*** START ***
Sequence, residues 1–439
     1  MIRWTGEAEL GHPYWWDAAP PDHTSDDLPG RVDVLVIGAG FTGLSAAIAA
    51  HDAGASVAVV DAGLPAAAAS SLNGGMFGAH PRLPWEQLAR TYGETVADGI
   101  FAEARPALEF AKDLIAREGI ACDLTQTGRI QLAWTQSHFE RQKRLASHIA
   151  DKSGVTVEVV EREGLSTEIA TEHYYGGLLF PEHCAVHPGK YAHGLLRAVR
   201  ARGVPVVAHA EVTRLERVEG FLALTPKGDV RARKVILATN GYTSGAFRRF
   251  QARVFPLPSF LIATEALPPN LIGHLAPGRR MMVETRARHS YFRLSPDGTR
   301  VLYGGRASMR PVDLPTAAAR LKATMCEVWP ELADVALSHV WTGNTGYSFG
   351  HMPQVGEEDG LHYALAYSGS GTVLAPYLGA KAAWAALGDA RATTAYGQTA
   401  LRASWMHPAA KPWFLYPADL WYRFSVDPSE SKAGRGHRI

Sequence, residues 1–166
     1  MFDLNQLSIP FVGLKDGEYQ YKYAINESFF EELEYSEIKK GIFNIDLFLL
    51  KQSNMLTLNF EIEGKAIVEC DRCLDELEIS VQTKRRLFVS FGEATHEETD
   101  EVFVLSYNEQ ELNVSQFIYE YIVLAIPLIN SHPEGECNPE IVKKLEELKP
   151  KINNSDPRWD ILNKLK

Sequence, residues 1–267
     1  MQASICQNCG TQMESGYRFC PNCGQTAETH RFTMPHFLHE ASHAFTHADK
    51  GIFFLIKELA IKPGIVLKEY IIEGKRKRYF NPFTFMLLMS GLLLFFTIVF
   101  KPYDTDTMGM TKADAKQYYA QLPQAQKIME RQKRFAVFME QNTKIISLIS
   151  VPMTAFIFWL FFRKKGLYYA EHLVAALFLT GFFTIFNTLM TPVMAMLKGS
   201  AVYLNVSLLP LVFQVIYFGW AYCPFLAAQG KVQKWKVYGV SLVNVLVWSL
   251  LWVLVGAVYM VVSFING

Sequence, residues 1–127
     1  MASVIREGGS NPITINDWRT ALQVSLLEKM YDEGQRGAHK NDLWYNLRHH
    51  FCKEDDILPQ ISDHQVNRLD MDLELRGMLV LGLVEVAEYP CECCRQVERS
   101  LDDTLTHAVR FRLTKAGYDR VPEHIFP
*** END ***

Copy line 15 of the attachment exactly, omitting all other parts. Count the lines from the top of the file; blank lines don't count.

   151  KINNSDPRWD ILNKLK